When it comes to tents, there aren’t many features that you necessarily need. However, standard features like internal storage pockets, a bathtub floor, and dynamic ventilation make a good tent even better.
If you’re sharing a tent, a large vestibule is essential for keeping your gear dry without cramping up your living quarters. Another thing to consider is the number of doors.
FAQs for backpacking tents
How heavy should a tent be for backpacking?
First, establish what you want out of your tent. Is it just a humble shelter to catch some z’s? Or do you want a little more comfort? Is it for a thru-hike or just a weekend trip? Once you’ve answered these questions, you can better decide how heavy that tent should be. In general, one pound is on the extremely light side, while five pounds and over is on the heavy spectrum.
What's the difference between a camping tent and a backpacking tent?
Simply put, camping is about staying put while backpacking is about moving around. Hence, camping tents tend to have a few more frills at the expense of weight. Conversely, backpacking tents are more minimalist and lightweight, which usually comes at the cost of certain comforts.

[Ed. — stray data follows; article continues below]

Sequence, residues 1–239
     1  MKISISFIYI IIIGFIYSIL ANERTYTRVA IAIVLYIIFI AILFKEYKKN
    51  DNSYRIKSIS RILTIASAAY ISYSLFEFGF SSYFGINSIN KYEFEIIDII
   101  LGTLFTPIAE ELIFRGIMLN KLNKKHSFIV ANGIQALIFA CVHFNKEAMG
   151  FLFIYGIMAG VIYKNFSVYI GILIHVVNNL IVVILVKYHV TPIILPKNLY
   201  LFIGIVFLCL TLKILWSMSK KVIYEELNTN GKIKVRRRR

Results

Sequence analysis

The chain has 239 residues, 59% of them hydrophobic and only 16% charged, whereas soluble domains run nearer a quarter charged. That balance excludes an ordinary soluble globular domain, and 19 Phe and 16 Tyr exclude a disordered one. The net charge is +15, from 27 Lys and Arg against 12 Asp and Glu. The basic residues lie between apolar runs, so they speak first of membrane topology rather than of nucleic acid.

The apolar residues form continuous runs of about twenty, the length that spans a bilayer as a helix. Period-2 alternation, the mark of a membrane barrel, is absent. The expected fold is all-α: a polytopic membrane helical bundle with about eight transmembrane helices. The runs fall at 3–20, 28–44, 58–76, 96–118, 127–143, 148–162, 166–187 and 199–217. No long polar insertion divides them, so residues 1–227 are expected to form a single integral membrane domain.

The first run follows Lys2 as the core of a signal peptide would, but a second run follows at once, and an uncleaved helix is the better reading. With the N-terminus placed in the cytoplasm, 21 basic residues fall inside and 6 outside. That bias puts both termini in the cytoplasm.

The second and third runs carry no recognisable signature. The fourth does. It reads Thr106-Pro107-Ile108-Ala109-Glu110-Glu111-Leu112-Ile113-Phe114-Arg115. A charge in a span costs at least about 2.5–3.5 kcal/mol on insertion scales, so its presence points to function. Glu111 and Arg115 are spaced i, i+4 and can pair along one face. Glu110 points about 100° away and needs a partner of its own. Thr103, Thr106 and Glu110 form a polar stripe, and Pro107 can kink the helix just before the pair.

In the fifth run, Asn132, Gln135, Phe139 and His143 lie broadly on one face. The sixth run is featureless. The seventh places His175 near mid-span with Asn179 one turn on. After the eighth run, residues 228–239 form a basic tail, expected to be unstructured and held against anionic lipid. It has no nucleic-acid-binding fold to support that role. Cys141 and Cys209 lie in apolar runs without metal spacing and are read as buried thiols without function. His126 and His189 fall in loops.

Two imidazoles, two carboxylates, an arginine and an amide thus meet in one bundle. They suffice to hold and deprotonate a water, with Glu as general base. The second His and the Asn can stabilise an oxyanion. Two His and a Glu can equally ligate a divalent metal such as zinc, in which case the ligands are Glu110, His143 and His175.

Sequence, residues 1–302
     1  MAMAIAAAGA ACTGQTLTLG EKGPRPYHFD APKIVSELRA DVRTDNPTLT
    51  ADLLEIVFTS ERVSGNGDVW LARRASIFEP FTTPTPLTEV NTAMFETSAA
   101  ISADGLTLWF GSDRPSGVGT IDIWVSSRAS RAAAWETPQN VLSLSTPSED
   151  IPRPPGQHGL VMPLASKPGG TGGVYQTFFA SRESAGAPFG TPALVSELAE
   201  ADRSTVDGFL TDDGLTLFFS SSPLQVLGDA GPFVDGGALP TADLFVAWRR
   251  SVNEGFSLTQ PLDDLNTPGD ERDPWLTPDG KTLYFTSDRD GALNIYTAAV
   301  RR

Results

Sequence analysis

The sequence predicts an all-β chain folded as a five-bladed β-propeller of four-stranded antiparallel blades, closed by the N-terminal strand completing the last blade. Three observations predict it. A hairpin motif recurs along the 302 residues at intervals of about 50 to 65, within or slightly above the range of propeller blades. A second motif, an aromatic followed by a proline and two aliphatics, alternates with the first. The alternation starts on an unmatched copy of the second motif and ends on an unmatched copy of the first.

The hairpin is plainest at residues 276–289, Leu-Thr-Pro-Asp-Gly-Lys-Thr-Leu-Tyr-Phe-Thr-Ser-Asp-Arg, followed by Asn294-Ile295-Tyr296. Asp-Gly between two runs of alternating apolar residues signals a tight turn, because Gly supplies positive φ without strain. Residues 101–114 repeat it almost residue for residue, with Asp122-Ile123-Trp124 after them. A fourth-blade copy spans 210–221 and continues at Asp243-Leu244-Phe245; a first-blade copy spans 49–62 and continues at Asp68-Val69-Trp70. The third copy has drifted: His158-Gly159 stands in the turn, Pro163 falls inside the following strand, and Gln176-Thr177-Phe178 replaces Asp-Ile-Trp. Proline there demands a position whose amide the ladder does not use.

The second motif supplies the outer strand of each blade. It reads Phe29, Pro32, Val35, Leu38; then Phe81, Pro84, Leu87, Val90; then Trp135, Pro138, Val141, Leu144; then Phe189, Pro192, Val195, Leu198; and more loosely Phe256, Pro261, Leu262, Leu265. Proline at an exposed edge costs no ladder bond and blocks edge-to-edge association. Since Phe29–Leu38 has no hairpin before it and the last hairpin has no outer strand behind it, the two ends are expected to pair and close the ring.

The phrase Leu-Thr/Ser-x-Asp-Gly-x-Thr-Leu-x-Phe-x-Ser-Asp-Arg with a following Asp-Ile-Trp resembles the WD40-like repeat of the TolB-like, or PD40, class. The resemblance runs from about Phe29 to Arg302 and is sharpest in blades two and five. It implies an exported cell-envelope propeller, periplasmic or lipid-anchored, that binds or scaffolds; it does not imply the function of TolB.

How much should I spend on a tent?
As we’ve seen in the product guide above, tents can range dramatically in price. Similar to the question about weight, it depends on what you’re going to use it for. For instance, with a smaller budget, you can get yourself a high-quality summer tent. But, if you need something that'll keep you safe and comfortable in winter weather, it won’t cut it. Now we’re looking at the Trango 2, which is more than threefold in price.
Do I need to use a footprint with my tent?
Not always. It largely depends on the terrain and the local climate. Nevertheless, using a footprint is highly suggested. At the very least, it’ll keep the floor of your tent from incurring damage over time and provide an extra layer against wet ground.